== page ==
Since I’m currently attempting to finish and enjoying a long Victorian novel, I was still craving the sensation of finishing a book. I set out to find a short book that I could finish and came across Chronicle of a Death Foretold by Gabriel García Márquez.
What intrigued me about this book was that it was based on a real event set in Colombia. I wanted to be able to read about little details of what life was like in this part of Colombia during a different time since it was written in 1981, although I’m not entirely sure what era this story itself was set in.
Thankfully, I did get plenty of that from this book. I got plenty of little details of what everyday life was like in this small town even though it was surrounded by this horrifying incident (the murder) that would take place and everyone’s foreknowledge of it.
At first I was a little confused as to why this would make a good story. But as I learned more about the events surrounding this crime, I became just as intrigued by the same questions posed by the narrator, “Why did this happen?” “Why didn’t anyone do anything to avoid it?” “Was the victim just as aware?” “Why didn’t he do anything to avoid it either?”
The narrator sets out to understand what happened surrounding this crime about 20+ years later. Why was it able to be executed in spite of everyone’s foreknowledge that Santiago Nasar would be killed at the hands of these two twin men in search of avenging their sister’s honor?
As we read, we go back and forth from past to present and back and forth through different perspectives. The twin brothers Vicario are very vocal about their intentions to everyone in town. They are so vocal about it that people don’t really believe it’s gong to happen. Everyone seems to take a very laid-back approach to their threats of killing Santiago Nasar and go about their lives. As you learn of others’ perspectives, you might even question whether they knew it would indeed happen, and their lack of interest in impeding this incident is because of a deep desire that he would be murdered.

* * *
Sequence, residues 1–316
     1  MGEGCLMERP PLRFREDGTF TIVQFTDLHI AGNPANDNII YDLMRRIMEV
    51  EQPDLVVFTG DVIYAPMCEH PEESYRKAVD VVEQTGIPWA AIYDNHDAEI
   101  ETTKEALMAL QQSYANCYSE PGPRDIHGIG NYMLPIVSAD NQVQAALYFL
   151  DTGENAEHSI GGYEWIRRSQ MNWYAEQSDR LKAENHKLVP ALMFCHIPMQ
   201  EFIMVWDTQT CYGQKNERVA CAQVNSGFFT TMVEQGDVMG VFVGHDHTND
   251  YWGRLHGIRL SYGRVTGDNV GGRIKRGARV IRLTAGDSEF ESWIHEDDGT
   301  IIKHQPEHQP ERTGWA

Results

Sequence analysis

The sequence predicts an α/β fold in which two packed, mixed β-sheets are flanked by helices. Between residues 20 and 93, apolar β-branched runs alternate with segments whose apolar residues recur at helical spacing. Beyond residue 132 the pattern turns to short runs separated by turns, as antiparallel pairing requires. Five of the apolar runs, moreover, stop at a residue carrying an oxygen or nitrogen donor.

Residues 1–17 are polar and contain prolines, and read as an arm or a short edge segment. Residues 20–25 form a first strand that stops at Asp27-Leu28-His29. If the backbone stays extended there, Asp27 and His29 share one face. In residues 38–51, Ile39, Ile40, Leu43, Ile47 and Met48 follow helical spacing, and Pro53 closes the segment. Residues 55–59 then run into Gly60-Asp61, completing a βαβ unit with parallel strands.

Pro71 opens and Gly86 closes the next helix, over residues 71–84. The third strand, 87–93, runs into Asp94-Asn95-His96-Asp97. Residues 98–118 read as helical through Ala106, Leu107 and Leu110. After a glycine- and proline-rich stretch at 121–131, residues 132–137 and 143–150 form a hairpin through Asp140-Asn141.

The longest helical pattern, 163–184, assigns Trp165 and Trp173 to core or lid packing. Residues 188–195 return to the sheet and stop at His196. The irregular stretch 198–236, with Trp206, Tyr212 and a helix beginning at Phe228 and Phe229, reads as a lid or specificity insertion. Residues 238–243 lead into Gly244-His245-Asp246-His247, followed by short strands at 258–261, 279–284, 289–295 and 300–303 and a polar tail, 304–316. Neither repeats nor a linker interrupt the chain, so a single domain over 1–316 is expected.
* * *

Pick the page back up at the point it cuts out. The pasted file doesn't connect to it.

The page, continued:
I enjoyed this book because it was short and kept me engaged. Since it wasn’t very linear you kind of had to piece the story together as the author revealed different details through the day in the lives of the other people on the day Santiago Nasar was murdered. I also got little glimpses of life within this town — there was a big religious event taking place that day that kept everyone busy. There were different shop owners getting for their normal day, although they were aware that Santiago Nasar would be murdered. Since this story takes place by a city in the coast of Colombia there are little details of life by the shore, what food some of the people are preparing for the day, details of the kind of clothes they would wear. These were the little things I enjoyed reading, in spite the very heavy circumstance that this story is surrounded by.
One thing I wasn’t able to keep up with was the name of different minor characters and who they were, perhaps because it is a short book so the author does not spend too much time on each or because I simply wanted to get through the book. But I think that is something that can be easily fixed upon a reread, which I don’t mind doing. I was still able to follow along the story in spite of that.
Overall, this book gave me what I was looking for: a short story to finish and details of everyday life in a different culture in spite of the violent details surrounding this murder which I eventually came to be intrigued by as well. It was also my first time reading a book by Gabriel García Márquez. He was an author I wanted to become familiar with for a while since he is a very well known Colombian author, which is where my family is from. I read this book in Spanish but there’s also an English translation available.
Chronicle of a Death Foretold
Author: Gabriel García Márquez
Publisher: Vintage, Reprint Edition
Publication Date: October 2003 (originally published in 1981)
Contributor: Nathalie Dorado-Fields is a stay at home mother who lives in Mount Vernon, Ohio.